This is a guest post from Katie Stearns, PR and outreach manager at BeeBole Timesheet. She’s a digital marketer who loves monitoring management and leadership trends to create more valuable B2B content for managers. Katie is particularly interested in helping the world become a more productive place.
For many HR professionals and company executives, 2020 has turned out to be rather stressful (to say the least). Many of us started off the year with a twinkle of hope in our eyes, but the current pandemic has proven to be more challenging than we imagined.
For many companies, switching to remote work was required, but they never considered if remote work was right for their teams. As company executives decide whether they want to return to the office or continue to work from home and move their operations online, employers are likely asking many questions.
If you and your company are considering a shift to remote work, here are some tips to help you get started on your journey. In this Process Street post, we’ll be covering:
Let’s jump right in!
Before we get into the specific questions you should ask yourself, let’s start from the beginning: What is remote work?
Remote work is a working style that allows employees to get out of the office and work from wherever they feel most comfortable (usually their home or a coworking space). Companies that have a robust remote work policy are ahead of the curve and attract top talent globally.
Why do companies choose remote work?
There are a variety of reasons why a company might choose remote work.
Lowers overhead costs, like the price of an office space. Allows companies to recruit the best talent, no matter their zip code. Helps companies deal with safety precautions (like a global pandemic). Improves the carbon footprint of an organization due to reduced commute times. Gives employees a better work/life balance and allows them to live in cities with a lower cost of living. What types of remote work are there?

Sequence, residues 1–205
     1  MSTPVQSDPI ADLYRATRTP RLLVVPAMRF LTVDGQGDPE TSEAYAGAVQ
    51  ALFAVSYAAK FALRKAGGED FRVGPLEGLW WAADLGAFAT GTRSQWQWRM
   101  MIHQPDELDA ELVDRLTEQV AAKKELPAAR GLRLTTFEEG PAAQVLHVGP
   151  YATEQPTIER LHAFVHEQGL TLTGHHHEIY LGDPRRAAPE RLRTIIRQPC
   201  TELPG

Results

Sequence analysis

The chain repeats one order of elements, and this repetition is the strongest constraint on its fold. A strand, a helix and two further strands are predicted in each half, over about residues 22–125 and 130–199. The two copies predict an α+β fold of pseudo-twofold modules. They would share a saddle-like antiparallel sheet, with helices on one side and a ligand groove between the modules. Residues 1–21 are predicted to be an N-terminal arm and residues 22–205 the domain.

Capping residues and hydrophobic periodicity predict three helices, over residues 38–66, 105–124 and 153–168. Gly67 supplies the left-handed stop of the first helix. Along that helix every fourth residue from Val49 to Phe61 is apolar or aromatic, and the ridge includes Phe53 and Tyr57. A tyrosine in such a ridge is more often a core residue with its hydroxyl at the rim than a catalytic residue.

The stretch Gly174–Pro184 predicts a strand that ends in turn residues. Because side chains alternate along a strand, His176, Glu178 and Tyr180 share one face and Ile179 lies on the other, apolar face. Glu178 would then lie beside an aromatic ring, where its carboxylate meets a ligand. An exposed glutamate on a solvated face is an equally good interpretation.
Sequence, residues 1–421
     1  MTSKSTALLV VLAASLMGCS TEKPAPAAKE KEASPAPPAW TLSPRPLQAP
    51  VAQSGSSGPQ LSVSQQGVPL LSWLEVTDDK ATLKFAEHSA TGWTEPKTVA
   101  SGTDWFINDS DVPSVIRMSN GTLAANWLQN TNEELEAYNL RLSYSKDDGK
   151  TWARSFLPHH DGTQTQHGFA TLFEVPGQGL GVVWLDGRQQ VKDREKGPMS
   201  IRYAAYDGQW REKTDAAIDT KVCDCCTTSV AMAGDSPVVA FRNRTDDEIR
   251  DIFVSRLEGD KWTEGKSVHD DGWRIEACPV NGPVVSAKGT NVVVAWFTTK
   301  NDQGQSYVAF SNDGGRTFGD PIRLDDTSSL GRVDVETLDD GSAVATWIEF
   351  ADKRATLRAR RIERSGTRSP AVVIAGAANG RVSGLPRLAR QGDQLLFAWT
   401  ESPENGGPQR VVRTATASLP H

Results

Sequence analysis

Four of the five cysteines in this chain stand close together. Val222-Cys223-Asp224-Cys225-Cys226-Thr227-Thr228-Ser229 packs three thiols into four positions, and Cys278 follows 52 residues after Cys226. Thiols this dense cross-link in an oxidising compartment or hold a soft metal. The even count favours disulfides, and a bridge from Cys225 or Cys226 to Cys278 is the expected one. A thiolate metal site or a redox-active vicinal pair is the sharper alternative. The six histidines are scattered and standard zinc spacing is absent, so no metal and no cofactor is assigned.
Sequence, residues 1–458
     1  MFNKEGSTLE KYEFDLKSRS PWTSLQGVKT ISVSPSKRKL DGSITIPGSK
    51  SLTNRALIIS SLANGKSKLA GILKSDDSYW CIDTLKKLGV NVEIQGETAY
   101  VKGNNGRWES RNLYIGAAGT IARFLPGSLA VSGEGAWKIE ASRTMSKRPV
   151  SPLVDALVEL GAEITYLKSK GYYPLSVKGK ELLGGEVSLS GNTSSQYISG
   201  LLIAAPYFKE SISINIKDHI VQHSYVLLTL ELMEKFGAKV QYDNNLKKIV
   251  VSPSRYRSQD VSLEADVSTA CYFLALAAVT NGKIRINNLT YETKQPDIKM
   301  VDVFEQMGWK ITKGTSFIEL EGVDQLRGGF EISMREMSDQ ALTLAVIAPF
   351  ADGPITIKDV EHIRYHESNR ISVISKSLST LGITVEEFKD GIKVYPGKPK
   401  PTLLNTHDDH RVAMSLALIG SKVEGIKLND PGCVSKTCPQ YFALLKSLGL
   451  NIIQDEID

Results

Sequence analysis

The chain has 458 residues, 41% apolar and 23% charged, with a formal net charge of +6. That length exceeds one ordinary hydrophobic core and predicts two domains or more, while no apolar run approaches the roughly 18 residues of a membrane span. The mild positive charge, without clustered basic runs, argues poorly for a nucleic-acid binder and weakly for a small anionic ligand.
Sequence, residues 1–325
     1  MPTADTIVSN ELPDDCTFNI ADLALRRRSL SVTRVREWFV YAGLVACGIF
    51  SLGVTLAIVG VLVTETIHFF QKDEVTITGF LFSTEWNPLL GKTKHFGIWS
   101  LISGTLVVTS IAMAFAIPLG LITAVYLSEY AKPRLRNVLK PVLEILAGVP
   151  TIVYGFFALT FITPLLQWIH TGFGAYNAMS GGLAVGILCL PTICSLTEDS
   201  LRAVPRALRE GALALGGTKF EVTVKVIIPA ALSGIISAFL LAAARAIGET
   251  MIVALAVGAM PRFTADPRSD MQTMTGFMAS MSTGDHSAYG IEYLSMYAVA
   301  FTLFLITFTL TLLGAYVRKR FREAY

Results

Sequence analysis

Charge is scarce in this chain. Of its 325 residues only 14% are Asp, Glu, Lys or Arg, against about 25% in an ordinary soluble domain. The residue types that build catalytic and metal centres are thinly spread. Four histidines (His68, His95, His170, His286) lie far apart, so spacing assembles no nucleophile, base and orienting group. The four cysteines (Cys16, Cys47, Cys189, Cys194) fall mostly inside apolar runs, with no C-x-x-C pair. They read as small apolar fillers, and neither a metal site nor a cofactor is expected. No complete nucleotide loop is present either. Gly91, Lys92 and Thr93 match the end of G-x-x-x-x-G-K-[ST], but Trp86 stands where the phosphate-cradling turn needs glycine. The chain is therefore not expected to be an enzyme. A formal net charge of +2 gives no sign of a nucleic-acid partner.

If you are looking to pick a remote working strategy for your company, here are some ideas to get you started.
If you’re thinking about remote work, you might already be familiar with the fully remote model. In this model, your company goes remote first; you don’t have the overhead of an office; your employees can work from anywhere, although you might want to find workers staying in a similar location to where your company’s virtual headquarters are.
If you intend to go fully remote, you might want to think about digital nomads. A digital nomad is a type of remote worker who works from wherever they have an internet connection. Most remote workers stay put in their homes or apartments, but you might run across a type of remote worker who likes to travel a lot. You might want to put some extra safeguards or security measures around these remote workers to ensure they handle the information they have about the company and customers properly.
Flexible work policies
For some companies, a fully remote experience just isn’t possible. Instead, they might allow employees to work from home a few times a week or month. These companies aren’t able to be as open with who they